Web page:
Any attempt at reforming the mailo system requires a broader approach using multiple lenses to disentangle the various legal and social-political issues that characterise its structure and practice. Broadly, the mailo system is entangled in class, religion, culture, politics, etc. Specifically, it is first entangled in history, conjuring historical rationales and claims that are also embedded in culture/traditions whose contemporary relevance may come into question. Who was who and who is who in terms of control of the centres of power. Does the new generation embrace the shifts (if at all) in the power centres? Second, the mailo system is entangled in the argument about the fairness of land distribution under the 1900 agreement and its contemporary relevance in debates about the classes of “victims” and “beneficiaries” in the mailo land tenure system.
Third, mailo system is entangled in the geopolitical imperative to promote registration and free marketability of land as a part of the broader goal of promoting a neoliberal model of development. In Uganda – The Dynamics of Neoliberal Transformation, the country is described as an exemplar of African countries that have fully embraced neoliberal restructuring that has resulted in significant economic growth, but also in inequality, concentration of wealth, corruption, and privileging production paradigms (as opposed to others of social value). Neoliberalism has also influenced land reforms by commodifying land and placing it in the markets, by increasing the relationship between land and commerce, and by changing the exchange value of land.
Fourth, mailo land is also entangled in the national political agenda on land reform, officially presented as a pro-poor logic; reform the land laws to strengthen protection of land occupants against land title holders. Fifth is the cultural issue where talk of mailo land evokes debate about the monarchy of Buganda and its power over land (mainly the official mailo land), considered trust land held by the King in trust for the people of Buganda. Crucially, land in Buganda is currently occupied by people/social groups from all over the country, including the powerful, and “foreign investors”.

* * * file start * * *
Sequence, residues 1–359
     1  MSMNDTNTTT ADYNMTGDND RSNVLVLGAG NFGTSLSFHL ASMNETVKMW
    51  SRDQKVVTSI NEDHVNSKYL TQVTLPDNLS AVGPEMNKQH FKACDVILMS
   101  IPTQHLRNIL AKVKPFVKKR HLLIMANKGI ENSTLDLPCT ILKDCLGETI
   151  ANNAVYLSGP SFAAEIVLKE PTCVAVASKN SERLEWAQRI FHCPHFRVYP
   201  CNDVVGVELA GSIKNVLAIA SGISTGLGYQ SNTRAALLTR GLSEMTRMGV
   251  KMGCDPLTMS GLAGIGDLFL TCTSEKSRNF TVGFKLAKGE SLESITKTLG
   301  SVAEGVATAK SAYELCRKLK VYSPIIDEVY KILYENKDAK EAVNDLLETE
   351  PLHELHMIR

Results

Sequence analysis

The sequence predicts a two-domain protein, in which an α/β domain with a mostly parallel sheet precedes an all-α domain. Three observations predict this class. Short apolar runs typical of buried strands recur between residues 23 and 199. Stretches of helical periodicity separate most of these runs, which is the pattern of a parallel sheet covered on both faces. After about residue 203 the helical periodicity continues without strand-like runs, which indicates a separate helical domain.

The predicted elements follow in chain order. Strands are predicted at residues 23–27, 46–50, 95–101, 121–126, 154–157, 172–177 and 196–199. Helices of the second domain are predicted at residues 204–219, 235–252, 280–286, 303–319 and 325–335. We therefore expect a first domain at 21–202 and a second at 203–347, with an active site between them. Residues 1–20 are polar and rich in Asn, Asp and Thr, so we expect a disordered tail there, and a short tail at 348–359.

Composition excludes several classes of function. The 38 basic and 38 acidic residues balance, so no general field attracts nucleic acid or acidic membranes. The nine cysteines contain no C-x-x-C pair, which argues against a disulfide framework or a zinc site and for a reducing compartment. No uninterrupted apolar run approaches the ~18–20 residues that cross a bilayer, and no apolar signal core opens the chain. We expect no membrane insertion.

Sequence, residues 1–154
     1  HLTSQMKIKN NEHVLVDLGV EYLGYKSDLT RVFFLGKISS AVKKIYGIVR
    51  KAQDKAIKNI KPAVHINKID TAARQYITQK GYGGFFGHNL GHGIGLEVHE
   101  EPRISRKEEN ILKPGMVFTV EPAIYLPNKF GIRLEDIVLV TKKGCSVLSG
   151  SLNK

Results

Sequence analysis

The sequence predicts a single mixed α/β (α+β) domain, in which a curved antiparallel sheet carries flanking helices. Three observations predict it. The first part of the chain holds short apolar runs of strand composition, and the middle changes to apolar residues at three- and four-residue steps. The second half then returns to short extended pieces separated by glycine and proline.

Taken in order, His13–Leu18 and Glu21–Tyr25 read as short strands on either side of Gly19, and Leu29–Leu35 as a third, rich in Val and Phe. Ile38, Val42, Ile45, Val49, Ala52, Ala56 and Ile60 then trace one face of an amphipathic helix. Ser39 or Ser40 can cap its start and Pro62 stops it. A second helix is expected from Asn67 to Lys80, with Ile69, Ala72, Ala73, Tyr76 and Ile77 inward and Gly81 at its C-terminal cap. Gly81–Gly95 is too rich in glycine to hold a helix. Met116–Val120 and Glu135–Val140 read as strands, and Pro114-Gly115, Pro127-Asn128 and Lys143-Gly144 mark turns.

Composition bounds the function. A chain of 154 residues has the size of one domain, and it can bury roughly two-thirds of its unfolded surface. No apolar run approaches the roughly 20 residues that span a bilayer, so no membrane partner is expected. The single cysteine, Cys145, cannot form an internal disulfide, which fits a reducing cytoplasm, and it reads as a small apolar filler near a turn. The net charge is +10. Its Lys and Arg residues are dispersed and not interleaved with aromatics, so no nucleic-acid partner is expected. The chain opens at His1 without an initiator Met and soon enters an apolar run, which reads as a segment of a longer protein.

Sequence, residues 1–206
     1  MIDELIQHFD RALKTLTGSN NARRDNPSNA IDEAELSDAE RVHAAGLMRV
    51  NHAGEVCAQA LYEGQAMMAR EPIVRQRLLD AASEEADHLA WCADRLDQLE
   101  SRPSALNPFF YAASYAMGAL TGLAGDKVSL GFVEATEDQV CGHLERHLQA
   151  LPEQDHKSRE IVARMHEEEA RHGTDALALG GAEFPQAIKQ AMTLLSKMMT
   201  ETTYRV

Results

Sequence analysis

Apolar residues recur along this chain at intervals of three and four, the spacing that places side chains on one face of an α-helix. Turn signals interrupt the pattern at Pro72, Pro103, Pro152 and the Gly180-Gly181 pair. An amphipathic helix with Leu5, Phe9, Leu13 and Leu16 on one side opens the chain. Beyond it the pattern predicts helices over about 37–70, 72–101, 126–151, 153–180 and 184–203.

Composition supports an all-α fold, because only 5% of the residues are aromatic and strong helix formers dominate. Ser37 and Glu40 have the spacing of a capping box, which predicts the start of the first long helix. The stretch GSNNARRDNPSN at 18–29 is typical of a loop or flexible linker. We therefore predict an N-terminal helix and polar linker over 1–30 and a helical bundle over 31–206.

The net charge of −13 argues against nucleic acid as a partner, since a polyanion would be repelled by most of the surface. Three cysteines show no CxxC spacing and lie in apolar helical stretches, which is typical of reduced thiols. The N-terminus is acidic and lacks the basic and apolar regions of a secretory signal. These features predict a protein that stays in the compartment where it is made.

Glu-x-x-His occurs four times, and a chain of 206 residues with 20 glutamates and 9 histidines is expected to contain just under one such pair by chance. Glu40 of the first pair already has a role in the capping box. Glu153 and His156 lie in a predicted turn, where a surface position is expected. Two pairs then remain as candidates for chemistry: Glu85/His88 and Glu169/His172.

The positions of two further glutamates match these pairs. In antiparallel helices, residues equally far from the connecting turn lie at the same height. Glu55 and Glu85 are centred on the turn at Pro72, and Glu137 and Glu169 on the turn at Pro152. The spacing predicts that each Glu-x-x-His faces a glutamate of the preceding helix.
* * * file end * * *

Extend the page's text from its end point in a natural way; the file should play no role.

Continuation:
Land is a part of the political repertoire and therefore efforts to bring about land reforms involve managing politics, society, and the economy.
Understanding these entanglements is invaluable in debates on mailo land reforms. One should take a microscopic view of them all in order to decipher them; use them as a guide to identify the actors to engage with; transcend blemished determinist economic views in the rationalisation of the purpose of reforms; promote debate and constructive engagement; avoid ideational and discursive hegemonic approaches shaped by subjectivities in perspective.
With the above, the law may indeed not be the silver bullet. It contains positive initiatives that would go a long way to solving the problem, but at the same time, it has contributed to the stalemate thereby further entangling the mailo tenure system. The reforms have largely not delivered emancipation for the oppressed, or corrected the power imbalances and the resulting injustices.
Beyond the law